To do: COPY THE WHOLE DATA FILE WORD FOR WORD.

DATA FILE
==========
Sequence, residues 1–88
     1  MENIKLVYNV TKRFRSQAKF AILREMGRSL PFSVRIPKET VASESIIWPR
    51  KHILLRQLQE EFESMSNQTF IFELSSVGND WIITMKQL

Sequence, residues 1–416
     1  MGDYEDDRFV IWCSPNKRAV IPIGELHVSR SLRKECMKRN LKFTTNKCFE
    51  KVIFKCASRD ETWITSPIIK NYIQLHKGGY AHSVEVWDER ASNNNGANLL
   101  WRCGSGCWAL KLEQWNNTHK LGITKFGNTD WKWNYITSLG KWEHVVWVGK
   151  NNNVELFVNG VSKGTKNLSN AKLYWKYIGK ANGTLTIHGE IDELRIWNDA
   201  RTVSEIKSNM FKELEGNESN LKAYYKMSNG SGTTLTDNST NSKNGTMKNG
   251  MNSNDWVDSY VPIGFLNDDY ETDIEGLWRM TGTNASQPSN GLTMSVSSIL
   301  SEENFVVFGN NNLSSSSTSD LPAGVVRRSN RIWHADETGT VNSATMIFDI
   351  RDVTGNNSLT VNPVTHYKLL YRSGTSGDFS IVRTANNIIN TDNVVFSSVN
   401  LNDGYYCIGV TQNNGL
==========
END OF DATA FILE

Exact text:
Sequence, residues 1–88
     1  MENIKLVYNV TKRFRSQAKF AILREMGRSL PFSVRIPKET VASESIIWPR
    51  KHILLRQLQE EFESMSNQTF IFELSSVGND WIITMKQL

Sequence, residues 1–416
     1  MGDYEDDRFV IWCSPNKRAV IPIGELHVSR SLRKECMKRN LKFTTNKCFE
    51  KVIFKCASRD ETWITSPIIK NYIQLHKGGY AHSVEVWDER ASNNNGANLL
   101  WRCGSGCWAL KLEQWNNTHK LGITKFGNTD WKWNYITSLG KWEHVVWVGK
   151  NNNVELFVNG VSKGTKNLSN AKLYWKYIGK ANGTLTIHGE IDELRIWNDA
   201  RTVSEIKSNM FKELEGNESN LKAYYKMSNG SGTTLTDNST NSKNGTMKNG
   251  MNSNDWVDSY VPIGFLNDDY ETDIEGLWRM TGTNASQPSN GLTMSVSSIL
   301  SEENFVVFGN NNLSSSSTSD LPAGVVRRSN RIWHADETGT VNSATMIFDI
   351  RDVTGNNSLT VNPVTHYKLL YRSGTSGDFS IVRTANNIIN TDNVVFSSVN
   401  LNDGYYCIGV TQNNGL